Chapter 6:  Skeletal System:  Bones and Bone Tissue

 

Skeletal System Functions

•      Support

•      Protection

•      Movement

•      Storage

•      Blood cell production

Function of Bones

•      Support – form the framework that supports the body and cradles soft organs

•      Protection – provide a protective case for the brain, spinal cord, and vital organs

•      Movement – provide levers for muscles

•      Mineral storage – reservoir for minerals, especially calcium and phosphorus

•      Blood cell formation – hematopoiesis occurs within the marrow cavities of bones

Skeletal System

•      Skeleton = “dried-up body” or “mummy”

•      think of sky-scraper analogy - strong, light, and perfectly adapted for protection, locomotion, and manipulation

•      20% of body mass (ie. 30 lbs of a 160 lb person)

•      Like other connective tissues, contains fibers, ground substance, and cells (ECM is calcified)

Skeletal Cartilage

•      Contains no blood vessels or nerves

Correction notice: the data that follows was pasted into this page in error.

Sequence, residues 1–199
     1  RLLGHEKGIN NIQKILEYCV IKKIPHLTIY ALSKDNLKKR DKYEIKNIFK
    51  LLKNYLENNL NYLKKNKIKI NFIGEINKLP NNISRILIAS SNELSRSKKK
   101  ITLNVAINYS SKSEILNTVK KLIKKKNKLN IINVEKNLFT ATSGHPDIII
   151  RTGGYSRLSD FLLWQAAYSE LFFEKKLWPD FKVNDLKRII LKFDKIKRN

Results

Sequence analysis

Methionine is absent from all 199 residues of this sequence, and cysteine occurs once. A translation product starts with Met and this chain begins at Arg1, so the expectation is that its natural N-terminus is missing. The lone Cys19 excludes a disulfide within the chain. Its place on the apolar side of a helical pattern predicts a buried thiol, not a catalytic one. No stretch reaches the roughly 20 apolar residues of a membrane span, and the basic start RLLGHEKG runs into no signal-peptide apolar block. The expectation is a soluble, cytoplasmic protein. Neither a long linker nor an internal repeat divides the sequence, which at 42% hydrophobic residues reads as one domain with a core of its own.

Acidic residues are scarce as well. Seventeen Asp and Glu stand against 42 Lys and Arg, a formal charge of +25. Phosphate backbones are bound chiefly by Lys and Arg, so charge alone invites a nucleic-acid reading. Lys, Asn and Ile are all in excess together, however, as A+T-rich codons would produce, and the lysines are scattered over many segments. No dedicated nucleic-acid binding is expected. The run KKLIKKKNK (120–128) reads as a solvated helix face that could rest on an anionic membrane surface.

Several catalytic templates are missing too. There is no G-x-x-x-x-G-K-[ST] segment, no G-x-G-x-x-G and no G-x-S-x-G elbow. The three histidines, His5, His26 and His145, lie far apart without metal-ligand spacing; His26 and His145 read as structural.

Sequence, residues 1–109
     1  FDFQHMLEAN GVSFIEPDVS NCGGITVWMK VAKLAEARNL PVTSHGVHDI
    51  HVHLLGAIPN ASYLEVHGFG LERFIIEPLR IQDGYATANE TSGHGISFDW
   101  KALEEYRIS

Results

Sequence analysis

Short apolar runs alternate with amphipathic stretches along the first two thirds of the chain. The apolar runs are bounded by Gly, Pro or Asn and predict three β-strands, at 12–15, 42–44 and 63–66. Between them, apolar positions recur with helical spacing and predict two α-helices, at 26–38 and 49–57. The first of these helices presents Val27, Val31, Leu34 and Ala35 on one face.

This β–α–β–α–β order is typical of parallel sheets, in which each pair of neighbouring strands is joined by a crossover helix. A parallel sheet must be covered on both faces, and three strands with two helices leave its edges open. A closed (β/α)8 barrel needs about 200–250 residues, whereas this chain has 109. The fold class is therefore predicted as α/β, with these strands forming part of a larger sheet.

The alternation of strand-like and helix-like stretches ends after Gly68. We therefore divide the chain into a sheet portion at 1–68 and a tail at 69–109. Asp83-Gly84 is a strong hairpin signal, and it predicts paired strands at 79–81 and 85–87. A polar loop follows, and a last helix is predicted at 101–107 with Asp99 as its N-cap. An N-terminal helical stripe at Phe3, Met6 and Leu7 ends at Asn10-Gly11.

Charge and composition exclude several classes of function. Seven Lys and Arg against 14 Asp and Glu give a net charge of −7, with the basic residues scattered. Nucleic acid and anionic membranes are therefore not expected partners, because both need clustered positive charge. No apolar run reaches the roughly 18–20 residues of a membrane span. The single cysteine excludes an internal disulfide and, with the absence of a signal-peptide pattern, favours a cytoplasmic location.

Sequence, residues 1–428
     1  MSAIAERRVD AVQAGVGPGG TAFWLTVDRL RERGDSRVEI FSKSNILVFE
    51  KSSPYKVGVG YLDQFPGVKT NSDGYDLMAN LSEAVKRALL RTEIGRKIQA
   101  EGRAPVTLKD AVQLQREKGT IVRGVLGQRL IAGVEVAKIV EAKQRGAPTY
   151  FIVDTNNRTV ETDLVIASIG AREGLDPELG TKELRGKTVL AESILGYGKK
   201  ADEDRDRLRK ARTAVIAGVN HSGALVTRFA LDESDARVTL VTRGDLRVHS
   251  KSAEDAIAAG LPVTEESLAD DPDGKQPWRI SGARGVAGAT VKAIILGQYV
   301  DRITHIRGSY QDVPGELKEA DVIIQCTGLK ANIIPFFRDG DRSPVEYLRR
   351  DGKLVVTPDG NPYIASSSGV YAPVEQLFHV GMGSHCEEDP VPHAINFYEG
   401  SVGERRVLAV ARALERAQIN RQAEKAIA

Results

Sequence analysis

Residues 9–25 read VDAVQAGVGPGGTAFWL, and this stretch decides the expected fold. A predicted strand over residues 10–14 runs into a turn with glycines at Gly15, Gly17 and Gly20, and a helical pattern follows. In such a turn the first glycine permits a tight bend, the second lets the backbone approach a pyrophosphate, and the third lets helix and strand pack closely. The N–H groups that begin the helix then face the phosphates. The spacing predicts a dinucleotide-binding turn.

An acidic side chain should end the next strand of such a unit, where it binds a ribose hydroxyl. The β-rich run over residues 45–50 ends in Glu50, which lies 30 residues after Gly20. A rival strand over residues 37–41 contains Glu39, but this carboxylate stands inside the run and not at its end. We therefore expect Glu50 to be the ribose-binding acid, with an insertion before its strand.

•      Surrounded by the perichondrium (dense irregular CT) that resists outward expansion; also source of blood and nutrients

Hyaline Cartilage

•      Consists of specialized cells that produce matrix

•      Cells

•     Chondroblasts

•     Chondrocytes

•      Perichondrium

•      Articular cartilage

•      Growth

•     Appositional

•     Interstitial

Growth of Cartilage

•      Appositional (“from the outside”) – cells in the perichondrium secrete matrix against the external face of existing cartilage (mainly fibroblast mediated)

•      Interstitial (“from the inside”) – lacunae-bound chondrocytes inside the cartilage divide and secrete new matrix, expanding the cartilage from within

Classification of Bones

•      Axial skeleton (depicted in green) – bones of the skull, vertebral column, and rib cage

•      Appendicular skeleton (depicted in gold) – bones of the upper and lower limbs, shoulder, and hip

Bone Shapes

•      Long

•     Upper and lower limbs

•      Short

•     Carpals and tarsals

•      Flat

•     Ribs, sternum, skull, scapulae

•      Irregular

•     Vertebrae, facial

Classification of Bones: By Shape

•      Long bones – longer than they are wide
(e.g., humerus)

•      all bones of limbs (except patella and ankle)

•      Short bones

•    Cube-shaped bones of the wrist and ankle

•    Sesamoid bones form within tendons (e.g., patella)